To make Tor work better on the web, we need to be honest about it

To make Tor work better on the web, we need to be honest about it

To make Tor work better on the web, we need to be honest about it

Posted by   Martijn Grooten on   May 6, 2016

[Original Post: HERE]

If you regularly browse the web through the Tor network, you will have noticed that many websites are either inaccessible, or have strong barriers (in the form of difficult CAPTCHAs) put in front of them.

In a blog post, ‘The Trouble with Tor’, CloudFlare CEO Matthew Prince, whose company is responsible for many of these CAPTCHAs, explains that this isn’t a deliberate measure against Tor, but that his company is in the business of protecting websites from abuse, and CAPTCHAs are automatically put in place if a lot of abuse is seen from a particular IP address. Apparently, 94% of the requests CloudFlare sees through the Tor network are malicious.

Although it is not clear what exactly is measured to derive this figure, last year Akamai came to a similar conclusion in its State of the Internet report (pdf), in which it said that HTTP requests made through Tor were 30 times as likely to be malicious as those not made through the Tor network. Anecdotal evidence from people whose job it is to protect websites confirms this: blocking Tor is often a simple and effective way to stop certain attacks.


The problem for Tor here is that the Internet is still largely built on IPv4, whose size of roughly four billion addresses is small enough to be stored in a blacklist, yet large enough to ensure that different people almost always use different IP addresses. And thus, whether it is for blocking spam or malicious web traffic, keeping a list of IP addresses that have engaged in abuse and putting barriers in front of subsequent requests from those addresses is an effective way to mitigate a lot of abuse.

Tor routes traffic through a small number of exit nodes, which means that websites can’t track users by their IP address, while the Tor Browser (the recommended way to use Tor on the web) removes most other ways of tracking users. A consequence of this is that Tor users share each other’s reputation. Unfortunately, many people use Tor to do bad things, so this reputation often isn’t particularly good.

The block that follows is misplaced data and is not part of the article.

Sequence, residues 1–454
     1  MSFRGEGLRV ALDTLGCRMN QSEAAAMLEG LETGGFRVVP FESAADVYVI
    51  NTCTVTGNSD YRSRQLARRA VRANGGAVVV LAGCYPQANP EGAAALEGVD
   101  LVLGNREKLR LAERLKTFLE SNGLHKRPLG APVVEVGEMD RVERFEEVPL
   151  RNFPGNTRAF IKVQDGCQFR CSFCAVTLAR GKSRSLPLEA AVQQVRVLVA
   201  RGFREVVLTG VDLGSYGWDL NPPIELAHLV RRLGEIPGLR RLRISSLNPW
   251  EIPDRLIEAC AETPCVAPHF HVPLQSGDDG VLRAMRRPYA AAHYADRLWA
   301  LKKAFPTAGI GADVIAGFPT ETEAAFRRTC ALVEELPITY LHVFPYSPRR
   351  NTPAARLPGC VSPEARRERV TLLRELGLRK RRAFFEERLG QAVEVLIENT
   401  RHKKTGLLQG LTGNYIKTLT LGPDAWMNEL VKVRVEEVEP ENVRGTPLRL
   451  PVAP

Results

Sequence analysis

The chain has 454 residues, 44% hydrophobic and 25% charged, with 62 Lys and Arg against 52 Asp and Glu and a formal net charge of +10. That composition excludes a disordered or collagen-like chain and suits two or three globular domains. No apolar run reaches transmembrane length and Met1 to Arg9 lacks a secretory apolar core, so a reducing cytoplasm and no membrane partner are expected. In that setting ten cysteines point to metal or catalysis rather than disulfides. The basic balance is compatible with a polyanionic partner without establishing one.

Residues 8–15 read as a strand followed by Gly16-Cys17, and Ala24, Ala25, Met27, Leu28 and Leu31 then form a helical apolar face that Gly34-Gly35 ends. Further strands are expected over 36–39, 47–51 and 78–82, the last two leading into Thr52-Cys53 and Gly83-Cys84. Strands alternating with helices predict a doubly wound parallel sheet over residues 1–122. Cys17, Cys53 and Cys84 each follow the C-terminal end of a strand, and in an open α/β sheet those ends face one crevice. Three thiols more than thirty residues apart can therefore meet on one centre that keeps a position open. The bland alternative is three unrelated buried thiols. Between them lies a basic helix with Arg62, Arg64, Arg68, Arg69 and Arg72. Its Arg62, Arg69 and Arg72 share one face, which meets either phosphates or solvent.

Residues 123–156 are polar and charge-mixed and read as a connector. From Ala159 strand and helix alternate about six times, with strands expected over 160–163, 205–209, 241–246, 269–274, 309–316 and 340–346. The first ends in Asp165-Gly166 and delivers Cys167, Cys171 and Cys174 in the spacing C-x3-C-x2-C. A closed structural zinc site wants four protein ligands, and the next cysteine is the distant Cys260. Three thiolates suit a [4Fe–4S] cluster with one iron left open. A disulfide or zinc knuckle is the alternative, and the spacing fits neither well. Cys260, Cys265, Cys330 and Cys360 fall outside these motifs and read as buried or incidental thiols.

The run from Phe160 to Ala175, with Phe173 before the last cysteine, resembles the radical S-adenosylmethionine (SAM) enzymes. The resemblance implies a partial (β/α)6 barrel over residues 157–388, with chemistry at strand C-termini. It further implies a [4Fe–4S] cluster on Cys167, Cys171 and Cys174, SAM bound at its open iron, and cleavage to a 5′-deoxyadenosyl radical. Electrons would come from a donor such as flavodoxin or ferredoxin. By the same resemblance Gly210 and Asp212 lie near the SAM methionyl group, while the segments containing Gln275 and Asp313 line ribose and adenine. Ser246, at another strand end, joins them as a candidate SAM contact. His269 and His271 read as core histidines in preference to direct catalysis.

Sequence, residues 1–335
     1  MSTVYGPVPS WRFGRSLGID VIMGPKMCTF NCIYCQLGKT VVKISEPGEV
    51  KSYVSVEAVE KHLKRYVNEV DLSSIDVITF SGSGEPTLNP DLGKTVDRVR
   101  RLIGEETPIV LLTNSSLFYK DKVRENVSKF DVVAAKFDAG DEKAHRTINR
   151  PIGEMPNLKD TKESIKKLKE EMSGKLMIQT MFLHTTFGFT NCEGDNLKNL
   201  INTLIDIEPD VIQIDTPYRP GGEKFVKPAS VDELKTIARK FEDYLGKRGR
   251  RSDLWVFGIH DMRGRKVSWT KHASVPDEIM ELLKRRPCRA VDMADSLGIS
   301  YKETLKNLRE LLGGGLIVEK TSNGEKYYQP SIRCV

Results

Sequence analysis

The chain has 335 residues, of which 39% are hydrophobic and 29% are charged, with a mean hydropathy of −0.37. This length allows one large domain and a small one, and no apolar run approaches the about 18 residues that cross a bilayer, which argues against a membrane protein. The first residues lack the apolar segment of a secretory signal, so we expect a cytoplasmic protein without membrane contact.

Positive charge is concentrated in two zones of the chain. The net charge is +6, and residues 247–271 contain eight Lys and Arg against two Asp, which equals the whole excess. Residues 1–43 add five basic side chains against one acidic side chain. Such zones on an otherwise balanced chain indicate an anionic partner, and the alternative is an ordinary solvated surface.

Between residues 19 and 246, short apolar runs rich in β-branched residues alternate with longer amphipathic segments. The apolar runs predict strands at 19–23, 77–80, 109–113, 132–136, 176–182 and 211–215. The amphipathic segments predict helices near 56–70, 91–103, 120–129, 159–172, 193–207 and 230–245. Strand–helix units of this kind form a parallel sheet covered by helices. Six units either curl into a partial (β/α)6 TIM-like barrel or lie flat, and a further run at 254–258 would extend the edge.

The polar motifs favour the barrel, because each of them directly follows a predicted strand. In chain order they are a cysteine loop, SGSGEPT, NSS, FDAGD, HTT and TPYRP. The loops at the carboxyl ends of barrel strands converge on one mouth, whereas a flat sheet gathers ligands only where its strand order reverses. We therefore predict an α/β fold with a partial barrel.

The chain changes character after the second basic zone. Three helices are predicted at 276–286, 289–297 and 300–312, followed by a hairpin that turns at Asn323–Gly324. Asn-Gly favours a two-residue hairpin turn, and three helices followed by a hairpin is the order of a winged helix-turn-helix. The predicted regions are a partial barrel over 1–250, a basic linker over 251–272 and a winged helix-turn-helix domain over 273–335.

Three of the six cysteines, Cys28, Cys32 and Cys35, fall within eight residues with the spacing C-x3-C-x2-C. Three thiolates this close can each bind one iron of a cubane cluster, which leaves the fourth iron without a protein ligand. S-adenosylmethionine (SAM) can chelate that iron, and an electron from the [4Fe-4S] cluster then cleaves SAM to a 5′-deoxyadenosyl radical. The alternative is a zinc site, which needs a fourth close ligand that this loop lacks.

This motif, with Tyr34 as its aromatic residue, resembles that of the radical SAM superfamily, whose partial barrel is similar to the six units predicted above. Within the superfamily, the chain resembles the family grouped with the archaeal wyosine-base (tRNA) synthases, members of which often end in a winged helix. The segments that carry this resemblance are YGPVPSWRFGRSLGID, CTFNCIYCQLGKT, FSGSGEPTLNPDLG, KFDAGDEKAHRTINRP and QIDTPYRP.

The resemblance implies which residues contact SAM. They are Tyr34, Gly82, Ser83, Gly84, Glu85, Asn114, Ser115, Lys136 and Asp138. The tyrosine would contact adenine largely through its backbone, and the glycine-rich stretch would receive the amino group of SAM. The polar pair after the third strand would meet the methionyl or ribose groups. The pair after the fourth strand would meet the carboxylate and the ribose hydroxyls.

Tor, understandably, doesn’t concern itself with the content of the traffic; it would be impossible for it do so without compromising its security. From Tor’s point of view, therefore, no traffic is ‘bad’. However, in the case of website security, it is fair to say that bad traffic is that which the site owner doesn’t want to receive.

It is often suggested that websites that put barriers in front of Tor traffic don’t care about privacy or anonymity. With perhaps a few exceptions, this misses the point. For a website owner, putting such barriers in place is often a sensible security decision that stops a lot of abuse while hurting relatively few people.

If we want to make the web more accessible through Tor — and I think this is something worth striving for — we should at least acknowledge this.

We could make the argument that anonymity and privacy are so vital that they make it worth trying to deal with the bad Tor traffic in other ways; I have seen this argument work in individual cases. There may also be technical ways to mitigate some of the abuse, for instance by building some kind of proof-of-work into the Tor Browser, which might make it less attractive to use in automated attacks.

But we could also try to solve the problem in another way: by making more people use Tor.

Tor is often said to be very useful for journalists wanting to protect their sources and for opposition activists under repressive regimes. This is certainly true, but it is fair to say that most people fall into neither category. At worst, they suffer from government censorship — a problem which is just as well solved by VPNs.

But Tor can be useful for average Internet users too, even those that aren’t particularly concerned about privacy. It is, for instance, a great way to check prices in online shops, to ensure you aren’t quoted a higher price based on your past browsing activity. It can also be useful to login to social media when on a trip you don’t want everyone to know about; this prevents you from accidentally leaking your location. Indeed, the fact that a million people used Facebook‘s .onion site last month suggests that there is certainly an interest in doing so.